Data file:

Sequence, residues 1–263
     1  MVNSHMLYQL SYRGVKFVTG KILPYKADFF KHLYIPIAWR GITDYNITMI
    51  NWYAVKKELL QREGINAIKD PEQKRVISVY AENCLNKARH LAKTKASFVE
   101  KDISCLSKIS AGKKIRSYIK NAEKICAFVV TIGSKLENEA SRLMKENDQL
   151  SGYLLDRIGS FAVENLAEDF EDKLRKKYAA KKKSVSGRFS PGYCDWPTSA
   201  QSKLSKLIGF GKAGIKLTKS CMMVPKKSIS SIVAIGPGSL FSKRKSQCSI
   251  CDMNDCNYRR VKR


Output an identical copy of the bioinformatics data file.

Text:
Sequence, residues 1–263
     1  MVNSHMLYQL SYRGVKFVTG KILPYKADFF KHLYIPIAWR GITDYNITMI
    51  NWYAVKKELL QREGINAIKD PEQKRVISVY AENCLNKARH LAKTKASFVE
   101  KDISCLSKIS AGKKIRSYIK NAEKICAFVV TIGSKLENEA SRLMKENDQL
   151  SGYLLDRIGS FAVENLAEDF EDKLRKKYAA KKKSVSGRFS PGYCDWPTSA
   201  QSKLSKLIGF GKAGIKLTKS CMMVPKKSIS SIVAIGPGSL FSKRKSQCSI
   251  CDMNDCNYRR VKR